By Alan C. Miller
Knowing what news and information to trust is a daunting challenge for students faced with a tsunami of text, images and video of varying credibility, accountability and transparency in today’s hyperkinetic information ecosystem.
Younger students have a propensity to trust what they see: After all, it wouldn’t be on the internet if it wasn’t true. By the time students reach high school, they are often far more cynical — believing that everything they read, see or hear is driven by personal, commercial or political bias or agenda.
I founded the News Literacy Project eight years ago to teach middle school and high school students that all information is, in fact, not created equal. We work with educators and journalists to teach young people how to know what to believe — giving them the critical thinking skills they need to discern credible information from opinion, spin, advertising and propaganda, and to become informed, engaged participants in our democracy.
In May, we launched our innovative checkology™ virtual classroom, the culmination of all our classroom and digital programs and our primary path to national scale. As we strive to embed news literacy in the American educational experience, we are excited that with the support of Knight Foundation, we will be expanding the platform’s reach to at least five Knight communities during the 2016-17 school year.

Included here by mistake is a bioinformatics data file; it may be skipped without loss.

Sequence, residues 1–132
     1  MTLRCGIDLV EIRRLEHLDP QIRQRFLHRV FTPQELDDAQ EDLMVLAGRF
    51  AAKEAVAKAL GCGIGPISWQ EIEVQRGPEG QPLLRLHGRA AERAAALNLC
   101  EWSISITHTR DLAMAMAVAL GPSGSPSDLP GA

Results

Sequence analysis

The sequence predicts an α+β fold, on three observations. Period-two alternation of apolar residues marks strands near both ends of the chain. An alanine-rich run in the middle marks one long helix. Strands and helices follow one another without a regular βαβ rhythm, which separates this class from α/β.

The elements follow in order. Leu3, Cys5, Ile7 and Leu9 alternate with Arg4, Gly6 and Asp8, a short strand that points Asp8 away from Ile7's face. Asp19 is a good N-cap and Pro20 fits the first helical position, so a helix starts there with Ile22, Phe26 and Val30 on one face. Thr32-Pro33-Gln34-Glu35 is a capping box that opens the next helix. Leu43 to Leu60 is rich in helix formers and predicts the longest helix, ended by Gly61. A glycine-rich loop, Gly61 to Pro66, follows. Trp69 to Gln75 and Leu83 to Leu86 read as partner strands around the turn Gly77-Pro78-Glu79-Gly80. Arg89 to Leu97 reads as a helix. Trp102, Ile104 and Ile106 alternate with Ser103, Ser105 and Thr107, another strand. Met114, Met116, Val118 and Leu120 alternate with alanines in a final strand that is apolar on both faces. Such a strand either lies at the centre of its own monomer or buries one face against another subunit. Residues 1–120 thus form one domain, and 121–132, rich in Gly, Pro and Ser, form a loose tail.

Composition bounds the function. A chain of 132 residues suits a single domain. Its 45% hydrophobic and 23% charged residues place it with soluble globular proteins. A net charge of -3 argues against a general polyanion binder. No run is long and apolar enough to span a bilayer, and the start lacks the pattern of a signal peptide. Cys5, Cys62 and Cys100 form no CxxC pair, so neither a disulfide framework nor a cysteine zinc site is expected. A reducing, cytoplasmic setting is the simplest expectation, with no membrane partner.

The virtual classroom, which is already being used in 34 states to reach thousands of students, represents an opportunity to bring news literacy to an exponentially larger number of students nationwide. With Knight’s support, the News Literacy Project will focus primarily on underserved communities in these five Knight cities: Charlotte, North Carolina; Detroit; Lexington, Kentucky; Miami; and Philadelphia. The News Literacy Project aspires to extend the platform’s reach to at least 100,000 students in all 50 states by the end of 2017.
The checkology™ virtual classroom features a diverse group of prominent journalists and other experts who lead highly interactive lessons on such topics as discerning the credibility of information, assessing viral rumors, analyzing bias and understanding the role of algorithms. Other lessons focus on the importance of the First Amendment and the watchdog role of a free press.
Since 2009, when we began our classroom programs with support from Knight Foundation, our quantitative and qualitative assessment data have shown that students who complete our units become more frequent consumers of news; establish increased respect for the First Amendment and the press’s role in a democracy; and gain greater confidence in their ability to consume and create credible information.
At a time when faith in the news media has hit new lows — a Gallup survey sponsored by Knight Foundation and the Newseum Institute found that 55 percent of college students have little or no trust in the press to report the news accurately and fairly — we value the opportunity to rejoin forces with Knight to create a news-literate next generation.
Together, we believe that we will have a dramatic impact on education, the future of quality journalism and the health of the nation’s democracy.
Alan C. Miller is president and founder of the News Literacy Project, and a Pulitzer Prize-winning former investigative reporter for the Los Angeles Times. Follow him on Twitter @alancmiller0926.